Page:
6/13/2000 – Quandary Over Prozac – Boston Globe Editorial

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A BOSTON GLOBE EDITORIAL

The Prozac Question

Eli Lilly, manufacturer of the highly successful antidepressant drug Prozac,
wants to have it both ways. While it has always insisted that the drug does
not cause even a tiny percentage of its users to contemplate suicide, it also
wants to sell an updated version of Prozac with a patent which states
specifically that one of its advantages over the original is that it is less
likely to cause suicidal thoughts.

Now the firm has been caught in this contradiction by a Houston lawyer whose
clients unsuccessfully sued Lilly after their father killed his wife and then
himself while on the drug. By the time of the trial last year, Lilly had
bought rights to the new patent, boasting of its superiority over Lilly’s
original Prozac, whose patents expire in 2004.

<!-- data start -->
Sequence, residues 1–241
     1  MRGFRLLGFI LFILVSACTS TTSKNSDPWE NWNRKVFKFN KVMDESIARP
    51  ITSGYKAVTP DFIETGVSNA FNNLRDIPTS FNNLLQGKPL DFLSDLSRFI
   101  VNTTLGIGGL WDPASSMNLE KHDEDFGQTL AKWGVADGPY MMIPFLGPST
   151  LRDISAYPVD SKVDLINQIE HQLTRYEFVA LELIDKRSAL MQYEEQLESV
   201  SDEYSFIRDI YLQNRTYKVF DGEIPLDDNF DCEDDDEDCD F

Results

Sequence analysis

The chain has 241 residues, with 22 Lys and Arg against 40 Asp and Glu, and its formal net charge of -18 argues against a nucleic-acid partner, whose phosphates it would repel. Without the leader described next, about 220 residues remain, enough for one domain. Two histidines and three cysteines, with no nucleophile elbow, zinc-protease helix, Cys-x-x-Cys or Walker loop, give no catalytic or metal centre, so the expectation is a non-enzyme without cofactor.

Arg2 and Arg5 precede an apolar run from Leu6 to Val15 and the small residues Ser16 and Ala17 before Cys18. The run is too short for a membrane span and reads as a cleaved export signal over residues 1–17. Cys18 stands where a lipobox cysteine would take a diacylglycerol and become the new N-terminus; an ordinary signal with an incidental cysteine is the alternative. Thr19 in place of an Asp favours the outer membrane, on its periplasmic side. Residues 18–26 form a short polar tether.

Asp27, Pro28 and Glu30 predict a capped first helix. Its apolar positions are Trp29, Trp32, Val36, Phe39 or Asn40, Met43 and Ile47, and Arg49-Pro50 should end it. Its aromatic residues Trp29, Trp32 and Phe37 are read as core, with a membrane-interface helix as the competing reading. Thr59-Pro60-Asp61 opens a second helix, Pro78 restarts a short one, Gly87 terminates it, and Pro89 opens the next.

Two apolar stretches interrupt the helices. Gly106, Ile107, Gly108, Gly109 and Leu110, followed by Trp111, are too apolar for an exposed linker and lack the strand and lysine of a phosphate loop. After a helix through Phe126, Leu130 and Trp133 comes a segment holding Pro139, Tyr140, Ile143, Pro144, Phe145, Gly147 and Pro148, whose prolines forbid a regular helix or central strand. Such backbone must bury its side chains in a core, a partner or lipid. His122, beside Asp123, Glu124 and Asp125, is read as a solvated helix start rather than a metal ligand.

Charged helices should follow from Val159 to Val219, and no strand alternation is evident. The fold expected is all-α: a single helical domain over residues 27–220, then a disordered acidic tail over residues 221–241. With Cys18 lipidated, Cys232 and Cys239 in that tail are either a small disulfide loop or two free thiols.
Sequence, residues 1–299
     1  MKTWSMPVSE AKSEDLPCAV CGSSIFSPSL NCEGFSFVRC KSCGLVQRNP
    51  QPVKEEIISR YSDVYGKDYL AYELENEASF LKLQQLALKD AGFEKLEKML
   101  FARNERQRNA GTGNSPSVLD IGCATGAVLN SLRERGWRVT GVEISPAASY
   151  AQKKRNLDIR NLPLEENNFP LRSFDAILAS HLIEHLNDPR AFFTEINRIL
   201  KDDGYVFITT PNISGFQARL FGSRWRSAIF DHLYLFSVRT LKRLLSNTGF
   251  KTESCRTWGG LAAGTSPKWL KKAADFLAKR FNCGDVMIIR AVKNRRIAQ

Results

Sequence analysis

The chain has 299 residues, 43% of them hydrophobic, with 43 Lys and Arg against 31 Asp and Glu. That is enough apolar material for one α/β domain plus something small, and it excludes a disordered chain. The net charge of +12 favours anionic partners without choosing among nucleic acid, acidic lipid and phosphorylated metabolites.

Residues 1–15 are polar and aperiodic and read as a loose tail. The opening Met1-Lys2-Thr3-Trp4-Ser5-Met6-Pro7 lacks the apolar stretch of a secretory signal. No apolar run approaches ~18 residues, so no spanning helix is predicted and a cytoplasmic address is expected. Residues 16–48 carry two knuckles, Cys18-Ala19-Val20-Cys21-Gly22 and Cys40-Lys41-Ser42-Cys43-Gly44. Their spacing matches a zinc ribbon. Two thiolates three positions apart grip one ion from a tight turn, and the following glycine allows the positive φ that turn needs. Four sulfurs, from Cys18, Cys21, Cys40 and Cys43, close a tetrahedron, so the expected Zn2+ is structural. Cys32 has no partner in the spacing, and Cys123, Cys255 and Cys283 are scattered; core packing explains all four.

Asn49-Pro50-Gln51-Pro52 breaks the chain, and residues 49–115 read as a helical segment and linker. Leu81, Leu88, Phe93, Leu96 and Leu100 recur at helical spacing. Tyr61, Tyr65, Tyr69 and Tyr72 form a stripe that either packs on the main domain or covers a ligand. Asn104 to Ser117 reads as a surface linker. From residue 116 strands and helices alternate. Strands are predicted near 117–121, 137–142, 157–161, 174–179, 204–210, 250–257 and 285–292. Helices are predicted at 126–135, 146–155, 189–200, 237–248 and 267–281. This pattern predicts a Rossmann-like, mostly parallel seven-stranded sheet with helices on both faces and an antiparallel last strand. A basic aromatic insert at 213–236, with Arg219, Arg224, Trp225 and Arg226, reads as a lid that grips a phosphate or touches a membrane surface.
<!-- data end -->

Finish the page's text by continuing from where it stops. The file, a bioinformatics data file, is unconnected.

The lawyer says his clients would have gotten a fairer trial if Lilly had
come forward with that language, and he is now asking a federal court for a
new trial. His clients deserve that chance, and the Food and Drug
Administration should ask Lilly why, in light of the language in its new
patent, it is not warning current Prozac users about suicidal thoughts.

Even if it had been aware of the new patent language, the jury might still
have exonerated the drug manufacturer. Prozac is hailed by many health
professionals for treating often debilitating depression and actually
preventing suicides. And while a small percentage of Prozac users have
committed suicide, it is not easy to prove that it was the drug and not the
underlying illness that was the cause.

Lilly, for its part, notes that a separate company developed the new version
of Prozac and wrote the patent language for it before Lilly acquired the
patent. And Lilly says ”not all of the `side effects’ listed in the patent
are scientifically demonstrated facts.” But why should a patent have been
issued for a new version of Prozac if it does not reduce side effects like
suicidal thoughts?

The FDA should reopen the question of whether the patent language on the new
Prozac is not a warning that users and prescribers of the original Prozac
should have been receiving all along. The patent’s message should also be
conveyed to a jury in a second trial of the Houston lawyer’s case.

This story ran on page A26 of the Boston Globe on 6/13/2000.
© Copyright 2000 Globe Newspaper Company.

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